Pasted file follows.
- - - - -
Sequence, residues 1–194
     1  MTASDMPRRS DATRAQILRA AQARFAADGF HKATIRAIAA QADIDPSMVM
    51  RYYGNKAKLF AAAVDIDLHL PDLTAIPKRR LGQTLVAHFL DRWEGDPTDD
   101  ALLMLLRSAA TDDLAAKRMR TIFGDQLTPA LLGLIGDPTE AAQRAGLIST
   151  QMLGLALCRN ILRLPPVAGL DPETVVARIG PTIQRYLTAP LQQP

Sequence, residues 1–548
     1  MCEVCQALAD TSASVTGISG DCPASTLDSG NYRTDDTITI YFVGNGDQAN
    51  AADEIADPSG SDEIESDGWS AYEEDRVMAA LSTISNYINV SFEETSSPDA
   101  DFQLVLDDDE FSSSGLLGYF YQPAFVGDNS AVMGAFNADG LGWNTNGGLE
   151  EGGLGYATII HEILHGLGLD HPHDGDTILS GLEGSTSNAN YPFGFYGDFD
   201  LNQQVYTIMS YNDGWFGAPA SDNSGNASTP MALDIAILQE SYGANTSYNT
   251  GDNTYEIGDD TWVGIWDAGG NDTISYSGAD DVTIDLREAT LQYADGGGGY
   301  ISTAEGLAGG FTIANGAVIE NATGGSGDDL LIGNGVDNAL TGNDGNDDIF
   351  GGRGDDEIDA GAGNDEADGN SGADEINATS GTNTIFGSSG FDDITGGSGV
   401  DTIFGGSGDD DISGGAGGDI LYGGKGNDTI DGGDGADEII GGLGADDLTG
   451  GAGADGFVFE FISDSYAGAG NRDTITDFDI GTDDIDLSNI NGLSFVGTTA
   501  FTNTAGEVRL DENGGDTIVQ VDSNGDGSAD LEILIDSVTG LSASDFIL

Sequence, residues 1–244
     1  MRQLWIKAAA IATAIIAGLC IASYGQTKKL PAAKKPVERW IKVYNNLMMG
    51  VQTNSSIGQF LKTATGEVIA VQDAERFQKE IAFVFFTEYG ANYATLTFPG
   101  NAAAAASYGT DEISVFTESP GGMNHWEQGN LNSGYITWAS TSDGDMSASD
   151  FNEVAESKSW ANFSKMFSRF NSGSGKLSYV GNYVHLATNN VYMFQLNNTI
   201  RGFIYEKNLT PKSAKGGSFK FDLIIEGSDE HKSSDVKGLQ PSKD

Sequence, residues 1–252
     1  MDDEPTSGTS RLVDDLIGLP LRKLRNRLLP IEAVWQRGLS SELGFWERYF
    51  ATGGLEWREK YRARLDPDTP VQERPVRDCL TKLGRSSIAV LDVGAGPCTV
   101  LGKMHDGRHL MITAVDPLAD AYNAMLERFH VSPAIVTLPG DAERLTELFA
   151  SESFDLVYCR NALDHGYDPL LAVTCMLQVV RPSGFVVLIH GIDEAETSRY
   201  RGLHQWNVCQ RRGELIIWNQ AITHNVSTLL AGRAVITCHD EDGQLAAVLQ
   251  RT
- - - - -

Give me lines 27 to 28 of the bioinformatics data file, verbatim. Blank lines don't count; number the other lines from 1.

   101  LGKMHDGRHL MITAVDPLAD AYNAMLERFH VSPAIVTLPG DAERLTELFA
   151  SESFDLVYCR NALDHGYDPL LAVTCMLQVV RPSGFVVLIH GIDEAETSRY